Describe Hess’s Law

Hess’s law is known as after Russian Chemist Germain Hess. Hess helped formulate the early standards of thermochemistry. His famous paper, which was published in 1840, included his law.

Hess’s law: If the initial and final condition remains constant the chemical reaction occurs at one step or more than one steps, in every step the reaction enthalpy will be equal. This is also known as the law of constant heat summation.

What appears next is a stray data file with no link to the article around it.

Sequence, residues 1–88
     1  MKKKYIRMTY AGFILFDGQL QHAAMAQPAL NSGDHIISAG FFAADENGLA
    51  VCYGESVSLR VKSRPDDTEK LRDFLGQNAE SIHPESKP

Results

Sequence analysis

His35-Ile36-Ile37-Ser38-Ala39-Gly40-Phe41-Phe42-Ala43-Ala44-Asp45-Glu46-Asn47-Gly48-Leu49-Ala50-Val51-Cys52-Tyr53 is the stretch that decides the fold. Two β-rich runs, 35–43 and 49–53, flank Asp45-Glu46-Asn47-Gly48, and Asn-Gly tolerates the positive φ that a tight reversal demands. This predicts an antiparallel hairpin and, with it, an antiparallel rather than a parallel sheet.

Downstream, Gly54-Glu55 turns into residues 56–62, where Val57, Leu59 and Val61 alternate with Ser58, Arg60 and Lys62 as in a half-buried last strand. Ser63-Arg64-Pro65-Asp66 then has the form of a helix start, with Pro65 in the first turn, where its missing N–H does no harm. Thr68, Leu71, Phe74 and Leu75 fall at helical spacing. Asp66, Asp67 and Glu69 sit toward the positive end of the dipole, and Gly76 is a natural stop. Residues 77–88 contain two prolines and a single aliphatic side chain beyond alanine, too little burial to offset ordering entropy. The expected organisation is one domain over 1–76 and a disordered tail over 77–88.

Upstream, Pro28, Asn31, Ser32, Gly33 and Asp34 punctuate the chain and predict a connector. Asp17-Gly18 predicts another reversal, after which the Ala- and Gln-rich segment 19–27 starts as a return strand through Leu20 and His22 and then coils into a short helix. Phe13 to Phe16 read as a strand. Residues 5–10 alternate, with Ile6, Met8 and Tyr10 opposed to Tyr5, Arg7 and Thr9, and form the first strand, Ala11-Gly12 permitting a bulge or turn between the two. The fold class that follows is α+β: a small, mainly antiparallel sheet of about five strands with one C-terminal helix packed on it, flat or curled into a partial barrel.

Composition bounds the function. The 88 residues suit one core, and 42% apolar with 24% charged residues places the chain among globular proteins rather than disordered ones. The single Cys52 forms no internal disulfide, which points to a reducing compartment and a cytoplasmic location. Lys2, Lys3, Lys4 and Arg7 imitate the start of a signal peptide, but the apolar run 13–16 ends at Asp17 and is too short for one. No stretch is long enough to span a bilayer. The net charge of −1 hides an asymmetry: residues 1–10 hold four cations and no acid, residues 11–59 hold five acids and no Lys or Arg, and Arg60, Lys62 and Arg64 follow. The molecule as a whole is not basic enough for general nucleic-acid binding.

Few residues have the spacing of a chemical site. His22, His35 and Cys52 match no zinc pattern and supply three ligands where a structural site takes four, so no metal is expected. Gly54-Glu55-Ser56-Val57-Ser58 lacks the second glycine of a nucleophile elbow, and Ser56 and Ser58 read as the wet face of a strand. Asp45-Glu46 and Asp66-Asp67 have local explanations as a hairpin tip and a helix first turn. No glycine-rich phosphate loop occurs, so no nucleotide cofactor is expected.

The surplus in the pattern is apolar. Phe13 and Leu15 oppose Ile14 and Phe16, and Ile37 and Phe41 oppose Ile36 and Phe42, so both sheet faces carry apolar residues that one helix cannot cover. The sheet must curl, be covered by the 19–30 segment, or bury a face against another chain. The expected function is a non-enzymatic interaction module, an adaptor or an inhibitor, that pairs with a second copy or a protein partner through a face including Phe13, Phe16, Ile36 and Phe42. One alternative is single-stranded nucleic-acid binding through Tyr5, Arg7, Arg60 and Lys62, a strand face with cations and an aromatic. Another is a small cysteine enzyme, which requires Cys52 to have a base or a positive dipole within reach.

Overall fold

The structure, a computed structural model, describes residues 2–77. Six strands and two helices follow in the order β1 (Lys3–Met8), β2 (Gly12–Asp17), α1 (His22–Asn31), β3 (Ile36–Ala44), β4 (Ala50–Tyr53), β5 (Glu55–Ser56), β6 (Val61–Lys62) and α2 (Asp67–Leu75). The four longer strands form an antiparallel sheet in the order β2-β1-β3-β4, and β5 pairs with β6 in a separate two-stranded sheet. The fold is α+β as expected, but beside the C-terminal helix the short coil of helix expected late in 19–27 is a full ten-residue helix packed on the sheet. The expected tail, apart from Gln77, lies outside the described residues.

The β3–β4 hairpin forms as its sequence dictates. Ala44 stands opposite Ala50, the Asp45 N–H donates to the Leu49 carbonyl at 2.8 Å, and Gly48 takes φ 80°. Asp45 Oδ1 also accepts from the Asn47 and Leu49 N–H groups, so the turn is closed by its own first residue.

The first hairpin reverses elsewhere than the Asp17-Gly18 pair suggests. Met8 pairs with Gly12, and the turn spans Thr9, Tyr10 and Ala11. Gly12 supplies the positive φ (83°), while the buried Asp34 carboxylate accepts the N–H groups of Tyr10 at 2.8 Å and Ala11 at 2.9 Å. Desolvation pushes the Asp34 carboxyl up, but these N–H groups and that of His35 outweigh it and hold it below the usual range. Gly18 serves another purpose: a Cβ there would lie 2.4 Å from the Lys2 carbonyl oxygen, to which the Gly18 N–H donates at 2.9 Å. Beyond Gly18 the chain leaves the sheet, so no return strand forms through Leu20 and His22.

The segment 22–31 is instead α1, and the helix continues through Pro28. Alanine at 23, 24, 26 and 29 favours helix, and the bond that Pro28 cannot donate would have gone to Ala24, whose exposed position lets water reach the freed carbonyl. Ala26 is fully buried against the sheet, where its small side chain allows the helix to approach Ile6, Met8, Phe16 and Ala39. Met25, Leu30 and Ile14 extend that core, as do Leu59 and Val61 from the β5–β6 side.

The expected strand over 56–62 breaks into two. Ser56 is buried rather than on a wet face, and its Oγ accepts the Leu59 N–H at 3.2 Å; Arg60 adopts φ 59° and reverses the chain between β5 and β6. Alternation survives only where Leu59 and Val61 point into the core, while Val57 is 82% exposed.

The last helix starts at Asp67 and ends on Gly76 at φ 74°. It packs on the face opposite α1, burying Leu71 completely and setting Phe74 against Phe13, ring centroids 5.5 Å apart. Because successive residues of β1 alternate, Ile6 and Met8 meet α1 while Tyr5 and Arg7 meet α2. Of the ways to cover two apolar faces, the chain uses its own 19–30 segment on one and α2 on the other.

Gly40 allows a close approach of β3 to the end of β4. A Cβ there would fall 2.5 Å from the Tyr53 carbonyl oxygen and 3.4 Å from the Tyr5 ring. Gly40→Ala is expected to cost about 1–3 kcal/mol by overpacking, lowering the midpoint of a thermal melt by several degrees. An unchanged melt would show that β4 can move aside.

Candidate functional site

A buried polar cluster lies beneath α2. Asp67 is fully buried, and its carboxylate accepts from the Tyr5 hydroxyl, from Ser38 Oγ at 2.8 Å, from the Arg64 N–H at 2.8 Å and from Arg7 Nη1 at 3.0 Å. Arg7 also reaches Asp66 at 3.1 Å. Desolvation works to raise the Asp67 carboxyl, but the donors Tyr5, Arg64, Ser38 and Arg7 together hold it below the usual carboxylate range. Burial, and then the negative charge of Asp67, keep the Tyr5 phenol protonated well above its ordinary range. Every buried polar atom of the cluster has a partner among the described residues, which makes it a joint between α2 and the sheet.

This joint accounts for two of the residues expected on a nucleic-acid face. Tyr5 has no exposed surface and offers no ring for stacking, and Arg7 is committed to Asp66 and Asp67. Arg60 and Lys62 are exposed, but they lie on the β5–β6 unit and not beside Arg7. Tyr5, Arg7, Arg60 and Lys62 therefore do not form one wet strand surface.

According to Hess’s law, ∆H1 = ∆H2 + ∆H3

So, Hess’s law states that energy changes are state functions. The amount of energy depends only on the states of the reactants and the state of the products, but not on the intermediate steps. Eenthalpy changes in chemical reactions are the same, regardless whether the reactions occur in one or several steps.